• Bridge Ladies

    Bridge Ladies Sometimes I think a meteor could strike the earth and wipe out mankind with the exception of my mother’s Bridge club — Roz, Bea, Bette, Rhoda, and Jackie — five Jewish octogenarians who continue to gather for lunch and Bridge on Mondays as they have for over fifty years. When I set out to learn about the women behind the matching outfits and accessories, I never expected to fall in love with them. This is the story of the ladies, their game, and most of all the ragged path that led me back to my mother.
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How Could SO Much Love Be Inside Of You

Lately, I have to say, and I don’t mean to brag, my clients are killing it. Almost everyone is writing at the top of his game.  Sentences are unfurling. Ideas realized. Great titles pulled, like rabbits, from hats. Killer blurbs delivered. Films optioned.  Most of all: great writing. Right now I love opening attachments from my writers and you know who you are. It’s an amazing feeling after 27 years to feel so happy and proud of the scoundrels and thieves also known as your clients. When they are healthy and writing and being productive, that’s the happiest feeling for me. And it’s hard  won, pushing those boulders up those mountains. Take a Client to Work Day. I Heart Clients. I Break for Clients. It’s not to say that these relationships don’t wear you down, are sometimes fraught and intense and difficult, but there is also this: trust. A client putting his faith in an agent, an agent putting his faith in a writer.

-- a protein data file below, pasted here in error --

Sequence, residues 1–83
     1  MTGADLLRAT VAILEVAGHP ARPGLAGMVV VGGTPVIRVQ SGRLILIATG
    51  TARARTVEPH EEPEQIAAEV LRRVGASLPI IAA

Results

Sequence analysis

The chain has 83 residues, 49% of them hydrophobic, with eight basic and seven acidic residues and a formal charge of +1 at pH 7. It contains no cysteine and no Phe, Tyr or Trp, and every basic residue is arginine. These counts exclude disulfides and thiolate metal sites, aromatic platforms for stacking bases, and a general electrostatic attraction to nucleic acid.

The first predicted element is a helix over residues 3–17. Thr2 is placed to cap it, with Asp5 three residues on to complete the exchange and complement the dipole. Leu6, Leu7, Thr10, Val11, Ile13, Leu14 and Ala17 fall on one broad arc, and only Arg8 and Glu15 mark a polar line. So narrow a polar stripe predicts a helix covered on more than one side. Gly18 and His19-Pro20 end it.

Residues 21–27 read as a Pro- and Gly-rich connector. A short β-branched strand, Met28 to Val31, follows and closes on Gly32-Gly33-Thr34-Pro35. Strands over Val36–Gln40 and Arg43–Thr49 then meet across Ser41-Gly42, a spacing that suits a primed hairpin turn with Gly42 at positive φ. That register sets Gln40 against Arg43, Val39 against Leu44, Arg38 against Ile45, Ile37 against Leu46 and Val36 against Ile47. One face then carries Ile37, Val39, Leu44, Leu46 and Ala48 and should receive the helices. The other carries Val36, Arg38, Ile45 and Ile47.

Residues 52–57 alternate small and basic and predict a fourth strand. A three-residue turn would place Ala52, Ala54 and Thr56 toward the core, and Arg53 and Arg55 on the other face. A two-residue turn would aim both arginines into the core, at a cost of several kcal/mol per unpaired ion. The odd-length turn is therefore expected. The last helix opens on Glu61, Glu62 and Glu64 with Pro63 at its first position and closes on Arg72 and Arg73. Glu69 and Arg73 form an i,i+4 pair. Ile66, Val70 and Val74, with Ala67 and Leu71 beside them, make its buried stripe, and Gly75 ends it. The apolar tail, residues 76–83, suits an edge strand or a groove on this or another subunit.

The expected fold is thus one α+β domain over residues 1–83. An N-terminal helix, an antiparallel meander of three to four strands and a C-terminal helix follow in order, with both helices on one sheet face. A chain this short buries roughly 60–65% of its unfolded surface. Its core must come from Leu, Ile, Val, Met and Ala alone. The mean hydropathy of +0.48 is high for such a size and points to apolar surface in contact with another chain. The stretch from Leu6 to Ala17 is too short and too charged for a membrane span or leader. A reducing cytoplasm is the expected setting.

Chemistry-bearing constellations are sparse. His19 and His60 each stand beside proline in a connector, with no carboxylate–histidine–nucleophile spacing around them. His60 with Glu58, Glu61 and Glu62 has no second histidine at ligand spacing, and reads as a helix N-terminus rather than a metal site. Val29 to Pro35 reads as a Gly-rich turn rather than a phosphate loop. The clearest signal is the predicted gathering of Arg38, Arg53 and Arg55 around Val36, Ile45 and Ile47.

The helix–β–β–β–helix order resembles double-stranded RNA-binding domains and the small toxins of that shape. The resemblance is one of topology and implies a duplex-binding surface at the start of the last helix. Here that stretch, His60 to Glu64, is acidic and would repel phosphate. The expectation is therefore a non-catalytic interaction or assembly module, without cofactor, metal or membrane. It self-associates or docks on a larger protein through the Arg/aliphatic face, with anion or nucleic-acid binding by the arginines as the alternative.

You know I love bad agent stories, but tonight indulge me: any good stories?

23 Responses

  1. Good stories? An ex-agent of mine once detached both her retinas at the same time.

    For your screenplay, thought you’d enjoy:

    • I watched the video and at first I thought, jeez, funny, how apt and then as it went on I realized those assholes follow us all day long.
      You are beautiful, lose weight get a nose job, you’re smart, go back to school, you’re funny, I forgot to laugh.
      The copy is brilliant, make changes, your life is perfect, get a divorce, you have such nice kids, use your over-the-limit Visa to bail them out.

      You know what; I am beautiful, smart and funny. I am a good writer, my husband and I love each other and my Visa is nowhere near its limit and my kids are fine, they get out in 2020.

      Ah, I love humor in the morning and I love when life is going right. I don’t have an good-agent story because well…I don’t have an agent but I do have an editor. She told me once she was jealous of the writers and editors I have worked with. Who knew? They were just people to me.

    • Two detached retinas? Lemme guess, you sent her your sex scene.

  2. I had an offer from press X. I told my agent I’d always wanted to work with press Y. Weeks later I had a two book deal with press Y. Then I had another book. “Press Y?” said my agent. “Can we try for a big six?” said I. Now a big six is taking my MS to acquisitions.

    She gets with my program. That matters.

  3. I’m so proud of you Betsy, you’re sounding dangerously in touch with the universe. I don’t have any stories today, it’s too hot.